Diana Sudyka

Diana Sudyka works on watercolor of a South American Harpy Eagle (Harpia harpyja)

Diana Sudyka is an illustrator and printmaker living and working in the Chicago area. Her printmaking background includes working as master printer for studios such as Big Cat Press in Chicago, and Landfall Press (now located in Santa Fe, New Mexico). Currently she creates illustration work for everything from books, album artwork, screenprinted rock posters, to watercolors for her natural history blog The Tiny Aviary that documents her experience volunteering for the Chicago Field Museum of Natural History.

Interview with Diana Sudyka
by Sens Unic Association

Your picture ‘Darwin’s Finches’ is so wonderfull portrait of Charles Darwin. It is full of emotions and respect and it gives a very warm impression. What does Darwin and the theory of evolution meant to you? When was the first time you were introduced to the theory of evolution  and gained a more meaningfull understanding ?

I had a general awareness for Darwin from a young age, but didn’t really understand what he and the theory of evolution was truly about until much later. Growing up, my exposure to Darwin in school was quite limited. It wasn’t until my mid 20s when I picked up a beautiful book, ‘The Beak of the Finch’ by Jonathan Weiner, that I had a proper introduction to Darwin and the theory of evolution. The book focuses on the work of Peter and Rosemary Grant and the years they spent studying Galapagos finches. It’s an elegantly written book, and the Grants work was (and is) so compelling. The book’s recounting of their work gave me an understanding of what evolution was, and through it I gained a window in to the complexity and fragility of nature that I never had before. Darwin was a brilliant naturalist that had a deep love of nature in all of its variety, and strove to understand its complexities.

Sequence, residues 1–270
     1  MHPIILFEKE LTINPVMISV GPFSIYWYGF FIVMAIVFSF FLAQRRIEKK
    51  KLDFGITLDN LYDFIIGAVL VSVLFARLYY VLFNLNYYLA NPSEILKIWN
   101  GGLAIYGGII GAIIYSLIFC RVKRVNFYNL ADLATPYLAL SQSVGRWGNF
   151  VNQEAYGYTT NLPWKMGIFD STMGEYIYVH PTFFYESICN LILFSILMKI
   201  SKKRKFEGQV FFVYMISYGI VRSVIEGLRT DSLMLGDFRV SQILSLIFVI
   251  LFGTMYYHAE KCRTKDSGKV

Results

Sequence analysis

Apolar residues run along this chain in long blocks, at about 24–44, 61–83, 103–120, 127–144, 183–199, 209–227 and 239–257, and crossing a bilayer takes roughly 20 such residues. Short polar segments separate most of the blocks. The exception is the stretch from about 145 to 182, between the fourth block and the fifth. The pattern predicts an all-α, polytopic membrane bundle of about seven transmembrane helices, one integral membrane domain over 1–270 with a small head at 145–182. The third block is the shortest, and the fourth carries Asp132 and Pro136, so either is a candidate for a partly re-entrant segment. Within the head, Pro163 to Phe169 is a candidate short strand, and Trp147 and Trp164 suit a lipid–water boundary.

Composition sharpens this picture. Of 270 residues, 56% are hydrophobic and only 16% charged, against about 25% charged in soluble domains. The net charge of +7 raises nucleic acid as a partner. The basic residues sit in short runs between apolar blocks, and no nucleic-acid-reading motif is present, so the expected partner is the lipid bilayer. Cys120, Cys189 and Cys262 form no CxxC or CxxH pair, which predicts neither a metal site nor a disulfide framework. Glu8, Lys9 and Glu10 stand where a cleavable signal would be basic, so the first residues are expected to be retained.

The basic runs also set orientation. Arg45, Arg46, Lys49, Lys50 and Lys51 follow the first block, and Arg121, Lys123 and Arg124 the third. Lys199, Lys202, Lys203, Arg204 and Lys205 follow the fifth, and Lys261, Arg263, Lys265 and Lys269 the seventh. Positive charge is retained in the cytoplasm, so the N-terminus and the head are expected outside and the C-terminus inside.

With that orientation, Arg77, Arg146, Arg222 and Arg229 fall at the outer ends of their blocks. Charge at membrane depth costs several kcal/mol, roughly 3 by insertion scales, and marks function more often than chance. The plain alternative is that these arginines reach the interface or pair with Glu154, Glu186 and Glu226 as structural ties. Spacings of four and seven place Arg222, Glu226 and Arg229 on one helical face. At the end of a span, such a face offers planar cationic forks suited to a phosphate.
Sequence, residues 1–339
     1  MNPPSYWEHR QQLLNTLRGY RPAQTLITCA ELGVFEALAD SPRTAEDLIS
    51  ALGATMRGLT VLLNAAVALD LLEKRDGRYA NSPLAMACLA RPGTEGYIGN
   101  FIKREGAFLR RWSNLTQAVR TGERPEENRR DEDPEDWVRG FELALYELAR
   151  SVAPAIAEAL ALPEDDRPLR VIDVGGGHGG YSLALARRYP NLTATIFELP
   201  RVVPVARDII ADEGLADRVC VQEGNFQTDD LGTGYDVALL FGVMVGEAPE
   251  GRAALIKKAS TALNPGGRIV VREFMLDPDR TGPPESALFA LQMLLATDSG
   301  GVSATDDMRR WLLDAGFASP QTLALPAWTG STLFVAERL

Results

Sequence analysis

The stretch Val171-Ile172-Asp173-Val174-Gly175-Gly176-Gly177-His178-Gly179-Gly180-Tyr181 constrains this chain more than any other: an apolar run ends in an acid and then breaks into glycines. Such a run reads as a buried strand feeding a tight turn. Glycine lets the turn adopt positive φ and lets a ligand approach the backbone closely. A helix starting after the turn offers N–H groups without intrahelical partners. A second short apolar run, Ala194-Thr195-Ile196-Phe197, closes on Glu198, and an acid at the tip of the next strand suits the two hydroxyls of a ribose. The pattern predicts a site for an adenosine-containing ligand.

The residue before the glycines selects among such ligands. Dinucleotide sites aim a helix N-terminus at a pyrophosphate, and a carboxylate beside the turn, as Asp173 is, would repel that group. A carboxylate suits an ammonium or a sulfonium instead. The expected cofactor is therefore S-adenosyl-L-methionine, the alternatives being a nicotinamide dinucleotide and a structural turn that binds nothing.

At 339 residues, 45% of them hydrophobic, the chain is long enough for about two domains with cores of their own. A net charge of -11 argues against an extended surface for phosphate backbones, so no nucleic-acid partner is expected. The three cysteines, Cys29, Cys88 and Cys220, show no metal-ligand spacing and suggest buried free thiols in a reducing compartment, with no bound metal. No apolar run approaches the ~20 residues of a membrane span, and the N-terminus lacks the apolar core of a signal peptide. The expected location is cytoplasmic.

What is the Richard Dawkins’s image  in America?

America is a very large country with people of many diverse backgrounds and cultures. That said, a large portion of American culture is also very conservative and Christian, especially in the more rural areas. I think among this part of the population, Atheism and its defenders of the likes of Richard Dawkins, are not looked upon favorably. Darwin and the theory of evolution is of course mixed in with all of this too. There seems to be some ignorance and many misconceptions, that lead to demonizing figures such as Darwin and Dawkins. The more extreme extensions of this mindset manifest themselves in arguments surrounding whether or not to replace teaching of evolutionary theory with ‘intelligent design’ in schools.

How did they celebrate Darwin’s bicentenar in USA?

Most of the events that I am aware of have been at the academic level here, such as conferences. There is a big Darwin conference coming up at the University of Chicago.